Outspoken Porterville City Council Member Greg Shelton has declared his candidacy for Tulare County’s Fifth District Supervisorial seat.
Shelton is 52, single and self-employed with real estate interests. He says he “lives a spartan existence.” His involvement in local government started when he wanted to buy an abandoned railroad property adjacent to property he owned.
“I went to city hall to find a way to annex it and clean it up,” Shelton said. “Unbeknownst to me, the city had designs on it for a biking trail. I was basically stonewalled and harassed by local government. I was told, ‘When they were done with you, you’ll beg us to take it.’ That set the stage for my political career.”
After battling city officials, as well as CalTrans, which initially insisted he post an exorbitant bond, Shelton got the property.
“This inspired me to run for city council,” he said, adding that he was unsuccessful in his first try, placing fifth out of the nine candidates in 2008. “It was good enough that I didn’t embarrass myself.”
Two years later, Shelton ran for Porterville City Council again. He made his own signs, which read “No Moe Status Quo” and featured the image of Moe of the Three Stooges. “I got the most votes out of anybody in the election,” he said proudly.
He had previously served on the city’s parks and leisure committee for seven years and, according to Shelton, earned a reputation for diligently doing his job on a committee that had previously prided itself on having seven-minute meetings.
“I had three people resign from the committee and signify me as why they resigned,” he said, adding that if he saw a proposal on a meeting agenda to get rid of a tree, “I would drive out and say, ‘Why do you want to get rid of that tree?’” He said committee members would ask him why he did that, and he would respond, “The question is not why did I go out there; the question is why didn’t any of you.”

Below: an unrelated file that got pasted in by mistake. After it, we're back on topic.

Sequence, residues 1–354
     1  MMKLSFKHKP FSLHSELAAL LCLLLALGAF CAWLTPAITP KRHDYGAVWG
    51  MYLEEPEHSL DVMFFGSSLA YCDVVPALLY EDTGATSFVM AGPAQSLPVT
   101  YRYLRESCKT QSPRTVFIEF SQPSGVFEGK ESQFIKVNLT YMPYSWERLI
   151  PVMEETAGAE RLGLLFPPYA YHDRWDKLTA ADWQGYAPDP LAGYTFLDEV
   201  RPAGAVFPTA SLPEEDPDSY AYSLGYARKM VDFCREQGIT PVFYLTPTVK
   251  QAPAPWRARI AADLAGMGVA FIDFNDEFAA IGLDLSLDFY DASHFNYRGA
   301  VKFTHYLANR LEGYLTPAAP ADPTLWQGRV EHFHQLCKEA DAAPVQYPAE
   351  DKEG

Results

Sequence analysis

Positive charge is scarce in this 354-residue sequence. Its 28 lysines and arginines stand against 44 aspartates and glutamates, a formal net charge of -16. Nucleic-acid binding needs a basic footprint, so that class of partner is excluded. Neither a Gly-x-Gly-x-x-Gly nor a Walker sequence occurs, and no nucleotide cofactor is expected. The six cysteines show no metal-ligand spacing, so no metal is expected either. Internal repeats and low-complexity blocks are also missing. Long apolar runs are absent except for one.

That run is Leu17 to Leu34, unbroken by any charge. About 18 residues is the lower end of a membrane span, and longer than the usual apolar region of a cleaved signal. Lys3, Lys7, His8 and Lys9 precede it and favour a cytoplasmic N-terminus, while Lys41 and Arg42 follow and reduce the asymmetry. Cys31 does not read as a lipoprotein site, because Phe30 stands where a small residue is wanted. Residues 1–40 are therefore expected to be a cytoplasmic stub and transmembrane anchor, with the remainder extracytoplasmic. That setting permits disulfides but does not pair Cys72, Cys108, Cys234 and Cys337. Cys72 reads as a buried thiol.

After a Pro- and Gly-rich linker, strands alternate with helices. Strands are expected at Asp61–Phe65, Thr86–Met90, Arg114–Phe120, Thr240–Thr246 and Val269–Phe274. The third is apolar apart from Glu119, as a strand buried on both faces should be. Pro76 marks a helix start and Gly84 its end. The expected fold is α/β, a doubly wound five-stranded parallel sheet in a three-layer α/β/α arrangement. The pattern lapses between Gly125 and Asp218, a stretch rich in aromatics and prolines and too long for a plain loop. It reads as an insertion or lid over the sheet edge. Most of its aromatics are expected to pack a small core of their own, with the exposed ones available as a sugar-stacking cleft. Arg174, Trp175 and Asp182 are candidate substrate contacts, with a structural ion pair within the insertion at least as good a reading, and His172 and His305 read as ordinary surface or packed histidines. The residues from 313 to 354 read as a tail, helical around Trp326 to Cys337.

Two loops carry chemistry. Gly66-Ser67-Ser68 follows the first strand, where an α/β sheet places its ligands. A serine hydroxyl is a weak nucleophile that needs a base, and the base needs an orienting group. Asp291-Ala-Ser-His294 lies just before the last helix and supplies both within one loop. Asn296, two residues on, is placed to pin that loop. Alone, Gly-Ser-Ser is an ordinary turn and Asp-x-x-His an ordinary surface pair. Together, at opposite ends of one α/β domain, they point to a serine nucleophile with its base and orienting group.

Shelton likes being called rebellious and a fighter. He is proud of the relationship he helped develop between the Tule reservation and the city, as well of the job he did as a city council member. He leaves a council that has a balanced budget and that oversees a city with two new parks, new commercial developments, roads getting fixed “and housing back to where it was before the bubble.”
Shelton believes it is now time to move on.
“District 5 doesn’t have a great relationship with the board since I have been on city council,” he said. “(Supervisors) started three actions and investigations, and delayed for three years the Tule Septic System, a $7 million project paid for by the federal government. They were the barons and we were all fifes.
“Porterville has a reputation for being the rebellious stepchild of Tulare County, the butt of a lot of jokes,” he continued. “They’re an independent but a righteous group, but they do what they think.”
Shelton said he would do things differently than current District 5 Supervisor Mike Ennis, who (so far) is running for re-election against Porterville City Council Member Virginia Gurrola, former Porterville City Council Member Felipe Martinez, and now Shelton.
“My representative – I would expect him to vote the consensus of his constituents, just as I would be an instrument of my constituents,” said Shelton. “If they tell me they want a Super Wal-Mart, then I’ll fight for a Super Wal-Mart. I would expect when Mr. Ennis goes out there, he would have honored the wishes of his constituents and done what they want.
“Mike’s a wonderful guy,” he continued. “His problem is he’s weak. We’ve tried (Ennis as supervisor) for eight years and we’ve gotten table scraps at best. We think he’s a wonderful man, a model of decorum. He’s just not a fighter. Nice guys finish last and that’s what’s happening to our district.”
Shelton believes that without his candidacy, Ennis might have received 51% of the vote and been re-elected in the June primary. “When I entered the fray, it throws a wrench in the dynamics. The Tea Party likes me. The conservatives like me, but I’m not as dogmatic. People say, ‘You’re not a union guy but you’re really concerned about workers,’ – but not to where I’m a horrible union lackey. It’s mostly for empathy because I’ve been there.
“If you like things happening the way things have been for the last eight years, don’t vote for me,” said Shelton. “I’m going to change the way it’s done. I’m not going to roll over.”